‘Edwina`s affair with Nehru was spiritual, not sexual’
The 83-year-old Pamela writes lovingly and forgivingly of a mother who partied, frolicked and fornicated with abandon - and often left her children for some wild venture.
London: Edwina Mountbatten, who rubbed shoulders with royalty, danced the Charleston with Fred Astaire and let young men not only fall at her feet but into her bed as well, fell madly in love with India along with one of its new leaders - Pandit Jawaharlal Nehru — India`s first prime minister after independence.
On the surface, Edwina and her husband, Lord Louis Mountbatten, were the glitziest couple of their day but beneath the reality was separate beds, separate lives and a flurry of flings that set tongues wagging.
However, the young Pamela Mountbatten saw nothing untoward at first in her mother`s string of male friends as revealed in a fascinating memoir. The 83-year-old Pamela writes lovingly and forgivingly of a mother who partied, frolicked and fornicated with abandon - and often left her children for some wild venture.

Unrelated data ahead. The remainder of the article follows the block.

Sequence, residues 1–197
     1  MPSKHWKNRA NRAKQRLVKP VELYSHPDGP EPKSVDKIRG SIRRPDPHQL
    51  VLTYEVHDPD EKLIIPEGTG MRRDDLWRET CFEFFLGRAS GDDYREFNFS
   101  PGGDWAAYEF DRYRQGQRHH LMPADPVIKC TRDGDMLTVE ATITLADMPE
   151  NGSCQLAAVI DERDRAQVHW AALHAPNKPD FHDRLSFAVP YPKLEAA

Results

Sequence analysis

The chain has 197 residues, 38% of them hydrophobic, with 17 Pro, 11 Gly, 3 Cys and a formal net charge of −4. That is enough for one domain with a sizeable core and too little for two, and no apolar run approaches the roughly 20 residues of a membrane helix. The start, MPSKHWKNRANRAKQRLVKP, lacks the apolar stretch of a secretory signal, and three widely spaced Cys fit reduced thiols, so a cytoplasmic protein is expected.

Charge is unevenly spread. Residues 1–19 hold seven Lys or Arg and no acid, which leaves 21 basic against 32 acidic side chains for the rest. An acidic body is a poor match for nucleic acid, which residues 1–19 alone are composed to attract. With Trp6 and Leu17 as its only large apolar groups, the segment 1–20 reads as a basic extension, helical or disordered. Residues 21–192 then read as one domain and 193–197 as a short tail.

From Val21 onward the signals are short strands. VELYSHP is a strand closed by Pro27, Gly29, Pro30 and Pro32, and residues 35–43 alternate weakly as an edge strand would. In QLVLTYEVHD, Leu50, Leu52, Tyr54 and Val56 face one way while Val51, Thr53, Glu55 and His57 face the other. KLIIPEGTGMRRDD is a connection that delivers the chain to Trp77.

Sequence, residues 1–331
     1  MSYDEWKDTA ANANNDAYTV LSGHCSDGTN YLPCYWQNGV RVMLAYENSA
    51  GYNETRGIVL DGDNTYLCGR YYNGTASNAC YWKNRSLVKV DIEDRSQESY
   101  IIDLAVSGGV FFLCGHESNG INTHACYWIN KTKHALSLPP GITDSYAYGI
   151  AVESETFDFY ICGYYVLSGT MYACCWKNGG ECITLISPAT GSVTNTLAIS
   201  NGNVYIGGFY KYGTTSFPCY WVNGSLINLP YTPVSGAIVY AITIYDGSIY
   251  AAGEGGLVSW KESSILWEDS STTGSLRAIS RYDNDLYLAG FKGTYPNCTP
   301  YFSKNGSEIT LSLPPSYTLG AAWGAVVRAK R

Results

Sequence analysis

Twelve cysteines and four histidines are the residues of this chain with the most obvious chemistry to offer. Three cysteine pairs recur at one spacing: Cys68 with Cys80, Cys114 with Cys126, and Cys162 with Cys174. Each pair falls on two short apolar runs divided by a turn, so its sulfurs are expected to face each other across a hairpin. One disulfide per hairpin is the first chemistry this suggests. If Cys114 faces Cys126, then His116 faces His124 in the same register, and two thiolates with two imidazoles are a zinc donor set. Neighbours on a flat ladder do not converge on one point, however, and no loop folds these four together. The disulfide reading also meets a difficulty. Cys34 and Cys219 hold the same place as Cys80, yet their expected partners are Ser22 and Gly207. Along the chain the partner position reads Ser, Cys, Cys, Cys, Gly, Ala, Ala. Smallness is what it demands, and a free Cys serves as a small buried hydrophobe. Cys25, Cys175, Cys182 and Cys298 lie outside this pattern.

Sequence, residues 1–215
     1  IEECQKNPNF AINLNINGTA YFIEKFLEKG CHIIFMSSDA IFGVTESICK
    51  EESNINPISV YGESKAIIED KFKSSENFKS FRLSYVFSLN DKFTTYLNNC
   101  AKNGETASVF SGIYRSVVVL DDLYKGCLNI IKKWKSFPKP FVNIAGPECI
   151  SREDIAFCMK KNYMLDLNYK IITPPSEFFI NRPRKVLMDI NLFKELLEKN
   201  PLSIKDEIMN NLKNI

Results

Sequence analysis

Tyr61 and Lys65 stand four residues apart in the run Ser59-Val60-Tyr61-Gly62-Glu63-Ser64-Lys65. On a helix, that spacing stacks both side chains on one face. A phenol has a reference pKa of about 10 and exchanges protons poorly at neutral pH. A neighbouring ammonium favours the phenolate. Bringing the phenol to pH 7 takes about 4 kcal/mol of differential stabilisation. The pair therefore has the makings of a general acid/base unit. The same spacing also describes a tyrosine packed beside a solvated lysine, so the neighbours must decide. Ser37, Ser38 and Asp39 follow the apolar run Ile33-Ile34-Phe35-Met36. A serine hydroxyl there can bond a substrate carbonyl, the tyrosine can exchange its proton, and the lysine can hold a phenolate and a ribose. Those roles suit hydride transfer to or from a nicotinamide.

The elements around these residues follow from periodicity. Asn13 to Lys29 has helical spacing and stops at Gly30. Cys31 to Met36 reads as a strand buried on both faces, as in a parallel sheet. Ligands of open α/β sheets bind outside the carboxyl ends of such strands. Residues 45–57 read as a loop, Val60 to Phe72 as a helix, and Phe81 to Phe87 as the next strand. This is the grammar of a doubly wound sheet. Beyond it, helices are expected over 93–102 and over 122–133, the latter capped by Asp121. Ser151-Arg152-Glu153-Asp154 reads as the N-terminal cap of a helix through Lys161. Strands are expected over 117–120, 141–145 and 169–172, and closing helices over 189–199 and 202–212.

From the start, there was a profound connection between Edwina and Nehru but Pamela saw more. "A peace came over her mother," the Daily mail quoted Pamela. "She was easy to get along with; a sense of well-being emanated from her.
"She found in Panditji (Nehru) the companionship and equality of spirit and intellect that she craved. Each helped overcome loneliness in the other," she wrote.
Mountbatten saw this too and let his wife get on with this new phase of her life. For him, Edwina`s new interest was a relief. It got her off his back. "Her new-found happiness released him from her relentless late-night recriminations, the constant accusations that he didn`t understand her and was ignoring her."
In later years, Pamela would pore over Nehru`s letters to her mother, "and I came to realize how deeply he and my mother loved each other". But Pamela is convinced that it was a spiritual and intellectual relationship, not a sexual one. "Neither had time to indulge in a physical affair, and anyway the very public nature of their lives meant they were rarely alone," she wrote.